A concussion is a mild traumatic brain injury that disrupts normal brain function. Any hit to your head or body may can cause a concussion. When your brain is suddenly shook or jarred within your skull, the sudden movement can damage your brain cells and create chemical changes in your brain, resulting in concussion symptoms.

Concussion dangers are often linked to football, cheerleading, soccer and basketball but can result from auto accidents and falls. All concussions are serious, though not always life-threatening, and require quick treatment.

At the University of Maryland, our sports medicine physicians diagnose concussions using tests and programs specifically designed for concussion assessment.

Symptoms and Diagnosis

Concussion symptoms may not appear immediately after the injury. It is very important to report any and all symptoms to your provider. Watch for symptoms like:

  • Headache
  • Nausea
  • Dizziness or balance problems
  • Double or fuzzy vision
  • Sensitivity to light or noise
  • Sleep disturbance
  • Sluggishness
  • Concentration problems
  • Memory problems

It is important to see a doctor as soon as possible after a head injury. Your doctor will check your vision, balance, coordination, reflexes and memory as part of a concussion-specific test.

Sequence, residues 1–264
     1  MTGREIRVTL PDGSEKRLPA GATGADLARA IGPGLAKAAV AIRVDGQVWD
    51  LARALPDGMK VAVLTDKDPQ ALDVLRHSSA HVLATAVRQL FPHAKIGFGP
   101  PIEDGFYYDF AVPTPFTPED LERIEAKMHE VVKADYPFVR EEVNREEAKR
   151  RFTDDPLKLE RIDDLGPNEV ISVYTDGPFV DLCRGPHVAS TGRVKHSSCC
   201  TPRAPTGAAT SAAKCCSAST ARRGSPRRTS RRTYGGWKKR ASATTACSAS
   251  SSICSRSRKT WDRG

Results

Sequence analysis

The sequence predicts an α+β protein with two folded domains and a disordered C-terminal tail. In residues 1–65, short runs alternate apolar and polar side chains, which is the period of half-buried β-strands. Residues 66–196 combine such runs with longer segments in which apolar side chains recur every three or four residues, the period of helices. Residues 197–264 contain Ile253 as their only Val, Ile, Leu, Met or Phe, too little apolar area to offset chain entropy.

Concussion Treatment

The main treatment for concussion is rest. Your doctor will recommend a routine for adults or children that may include:

  • Resting your body by avoiding physical activities
  • Resting your mind, which includes limiting school time and screen time
  • Limiting pain medications to only those directed by a physician
  • Avoiding alcohol or recreational drug use
  • Eating nutritious foods and drinking plenty of water
  • Getting at least 7-8 hours of sleep nightly

Concussion Recovery Time

Allowing time to recover fully is important to avoid the cumulative effects of repeated concussions.

Your doctor will tell you when it’s safe to return to work or sports and will initiate a return-to-play protocol to ensure you are ready to resume athletic activity.

Make an Appointment

To visit one of our sports medicine specialists, call 410-448-6400.

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